Hester Prynne Essay

During the first scaffold scene, Nathaniel Hawthorne notes her “natural dignity and force of character. ” Her poise under scrutiny is remarkable during this significant scene. Her might is also evident in her dealings with both her husband, Roger Chlorinating, and also her lover, Reverend Arthur Timescale. Hester repeatedly denies Chlorinating the satisfaction of knowing her fellow sinner. And In the forest scene, Timescale acknowledges that she has the strength he lacks and he calls on her help In his time of need.

Also, she shows honesty by openly recognizing her sin, unlike Timescale who hides and is weakened. Hester is beautiful not only on the inside, but also physically attractive on the outside. Hester corporal beauty is first mentioned during the original scaffold scene, when she Is described as a tall young woman with a “figure of perfect elegance on a large scale. ” Her most imposing feature Is her elegant glossy hair, which Is let loose and blows freely In the wind. Seven years after her punishment for her sin though, that tatty is gone.

Her glossy hair is hidden under a cap and her warmth is diminished, buried under the elaborate scarlet letter. When she does eventually remove the emblem, she instantly regains the beauty she possessed earlier. Pearl, unhappy with her mother’s change, demands that she reattach the scarlet “A”. Although the letter does cloud her beauty, It does gain her a respect In the Puritan society through time. Directly after being punished during the flirts scaffold scene, Hester and Pearl and remove from society.

They are forced to live on the outskirts of town, surviving by her skill with a thread and needle. Honesty does prevail; Hester openly acknowledges her sin and done not attempt to hide it. For this, the townspeople begin to admire her and increasingly reacted her into society. Being as strong as she is, Hester does not need the recognition because she is content with herself. In the end, Timescale dies after his public confession and Chlorinating dies consumed by halls own hatred and revenge, but Hester lives on, quietly, and becomes something of a legend in the loony.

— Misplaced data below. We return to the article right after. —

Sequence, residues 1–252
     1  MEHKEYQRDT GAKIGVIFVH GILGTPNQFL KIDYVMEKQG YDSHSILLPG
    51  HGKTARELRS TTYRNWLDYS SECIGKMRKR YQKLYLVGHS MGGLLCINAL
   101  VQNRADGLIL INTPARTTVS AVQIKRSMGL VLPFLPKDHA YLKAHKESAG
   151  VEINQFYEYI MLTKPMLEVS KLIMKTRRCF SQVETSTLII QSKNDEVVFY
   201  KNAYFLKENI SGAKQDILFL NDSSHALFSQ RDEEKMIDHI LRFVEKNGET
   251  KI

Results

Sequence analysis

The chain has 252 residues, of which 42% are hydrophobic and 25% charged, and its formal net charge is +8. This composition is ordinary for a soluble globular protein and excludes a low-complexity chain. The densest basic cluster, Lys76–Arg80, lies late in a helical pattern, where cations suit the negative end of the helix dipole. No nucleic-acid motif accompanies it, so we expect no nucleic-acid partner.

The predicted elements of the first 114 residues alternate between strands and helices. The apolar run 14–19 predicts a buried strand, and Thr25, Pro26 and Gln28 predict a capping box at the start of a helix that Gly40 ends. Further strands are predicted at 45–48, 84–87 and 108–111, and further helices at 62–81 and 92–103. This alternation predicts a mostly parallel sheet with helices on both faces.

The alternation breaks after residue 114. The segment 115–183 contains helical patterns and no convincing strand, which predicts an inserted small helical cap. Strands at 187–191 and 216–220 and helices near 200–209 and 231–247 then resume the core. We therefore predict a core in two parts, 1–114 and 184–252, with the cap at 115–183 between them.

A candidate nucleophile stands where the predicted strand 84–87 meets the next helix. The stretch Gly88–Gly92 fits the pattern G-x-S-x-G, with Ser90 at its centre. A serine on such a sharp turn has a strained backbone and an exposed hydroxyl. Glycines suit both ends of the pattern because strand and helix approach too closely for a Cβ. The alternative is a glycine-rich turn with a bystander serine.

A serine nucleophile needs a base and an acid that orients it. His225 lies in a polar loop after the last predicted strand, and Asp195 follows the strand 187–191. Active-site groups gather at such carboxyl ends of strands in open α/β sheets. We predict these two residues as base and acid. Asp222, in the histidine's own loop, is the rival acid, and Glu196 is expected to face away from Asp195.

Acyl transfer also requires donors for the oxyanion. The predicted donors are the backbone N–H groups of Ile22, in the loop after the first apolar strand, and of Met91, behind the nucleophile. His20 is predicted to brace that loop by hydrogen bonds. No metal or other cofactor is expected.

Through peace and satisfaction, Hester Journeys from a normal young woman living in Puritan society, to a social outcast residing on the outskirts of the forest; then, as though a reward from God, she rises above all others and into the hearts of many, sharing her compassion and giving strength to all that remember her. Nile her physical beauty and social status alter greatly, both for the good and bad. Hester, as beautiful as she is, cannot be perfect. But her honesty, compassion, and strength are more than enough to relieve her soul.

In The Scarlet Letter, by Nathaniel Hawthorne, Hester Prynne Prynne redefines herself despite being shunned by the Puritan community. Although she has sinned, she does not dwell in the past. She grows stronger as a person from the cruelty of the townspeople and the shame they place on Hester. Though everything seems to go wrong for Hester, the story ends in her favor. Hester grows stronger than both Dimmesdale and Chillingworth. She becomes the voice of those who have sinned, and shows her caring and resilient nature even under the spell of the letter.

Although Hester is shunned by her community, she upholds herself with strength and acceptance. In the beginning of the story, the reader first meets Hester as she exits the prison while the townspeople watch. Hester is holding her child, a symbol of her sin of adultery, and is marked with an embroidered letter “A” on her dress. The women of the town gossip about Hester, and remark that Hester’s beautiful embroidery skills of the letter that was meant to be her punishment have made it appear as if she is proud of her sins. However, Hester is only making the best out of her situation. Although the townspeople expect Hester to be ashamed and embarrassed, she turns...

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